Exactly build, build on the knowledge of others. Why why does the helicopter unit having have a flight department and a chief pilot ask him well, because history showed that they needed somebody to manage it.

00:36:01.270 –> 00:36:07.400
And in my experience, the chief pilot is the person that has enough experience and confidence to say no.

00:36:08.380 –> 00:36:12.000
Yeah. And the personal fortitude to stand up to pressure.

00:36:12.480 –> 00:36:19.620
Yeah, yep. And and and you know, this is this was also we did this in the army sometimes.

00:36:19.630 –> 00:36:28.760
Uh and but one of the everybody talks about the bad ah limiting factors about regulations.

00:36:28.760 –> 00:36:40.890
Well, you know what as a pilot, sometimes the rigs are a good shield to hide behind when you’re getting pressure from leadership sometimes to do something that, you know, it is probably not a good idea.

00:36:40.900 –> 00:36:46.090
You can and I’ve done this before where I’ve gone, sir, you know, I hear you, but,

00:36:46.751 –> 00:36:50.801
here’s the regulation which I am required to comply with.

00:36:50.811 –> 00:36:54.681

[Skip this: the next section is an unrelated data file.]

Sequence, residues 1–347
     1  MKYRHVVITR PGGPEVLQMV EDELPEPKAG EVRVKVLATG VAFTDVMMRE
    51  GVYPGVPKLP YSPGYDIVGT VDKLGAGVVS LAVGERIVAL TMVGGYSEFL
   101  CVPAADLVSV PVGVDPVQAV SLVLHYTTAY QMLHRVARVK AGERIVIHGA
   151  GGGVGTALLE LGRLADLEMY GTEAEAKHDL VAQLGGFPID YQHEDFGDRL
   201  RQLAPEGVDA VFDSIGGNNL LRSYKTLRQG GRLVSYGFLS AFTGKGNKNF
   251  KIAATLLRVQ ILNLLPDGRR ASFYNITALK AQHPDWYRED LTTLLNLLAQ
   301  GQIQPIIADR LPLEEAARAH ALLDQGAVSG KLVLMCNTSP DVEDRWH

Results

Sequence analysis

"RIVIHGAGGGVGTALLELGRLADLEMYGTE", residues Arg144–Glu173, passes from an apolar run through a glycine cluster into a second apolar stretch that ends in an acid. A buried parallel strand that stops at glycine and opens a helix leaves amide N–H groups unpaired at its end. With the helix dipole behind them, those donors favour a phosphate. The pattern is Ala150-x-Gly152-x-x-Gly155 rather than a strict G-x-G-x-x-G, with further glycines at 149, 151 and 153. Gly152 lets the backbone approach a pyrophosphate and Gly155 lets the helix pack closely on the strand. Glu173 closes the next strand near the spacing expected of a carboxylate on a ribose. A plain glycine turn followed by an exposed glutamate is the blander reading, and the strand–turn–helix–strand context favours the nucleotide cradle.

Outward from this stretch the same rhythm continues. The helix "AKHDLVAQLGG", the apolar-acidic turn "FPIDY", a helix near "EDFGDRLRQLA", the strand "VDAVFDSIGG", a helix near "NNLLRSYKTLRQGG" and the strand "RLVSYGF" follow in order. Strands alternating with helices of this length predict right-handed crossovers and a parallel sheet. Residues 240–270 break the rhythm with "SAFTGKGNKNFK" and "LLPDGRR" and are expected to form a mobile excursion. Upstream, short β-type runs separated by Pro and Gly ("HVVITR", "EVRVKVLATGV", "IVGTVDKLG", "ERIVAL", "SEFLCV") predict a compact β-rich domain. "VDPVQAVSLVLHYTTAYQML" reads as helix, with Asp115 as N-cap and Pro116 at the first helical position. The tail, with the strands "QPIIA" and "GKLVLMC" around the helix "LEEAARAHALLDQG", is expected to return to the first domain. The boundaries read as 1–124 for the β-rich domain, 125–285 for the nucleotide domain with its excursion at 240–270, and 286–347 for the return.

And if you have a problem with that, then we need to go escalate this.

00:36:54.691 –> 00:37:06.031
Uh and go talk to the helicopter units because I know they’ve had those conversations, right. And they can tell you how to have those conversations in a way that has a positive outcome.

00:37:06.041 –> 00:37:18.561
So, and hopefully so far from this podcast, one of the things that our listeners are going to come away with is uh you are protecting your personal and family finances,

00:37:19.151 –> 00:37:23.861
when you make the right decisions about when and when not to fly.

00:37:24.751 –> 00:37:35.731
Well, you know, I can’t comment on insurance or legal liabilities or anything like that because but I can tell you that we’re probably gonna be the least of their problems. Absolutely.

00:37:35.741 –> 00:37:49.681
Right. So if you know that scenario where you hit the bus driven by the nun full of orphans and it crashes and people get hurt, uh you know, the FAA is probably not going to be very sympathetic, right? But I’m pretty confident that will be the least of their problems.

00:37:49.691 –> 00:37:58.451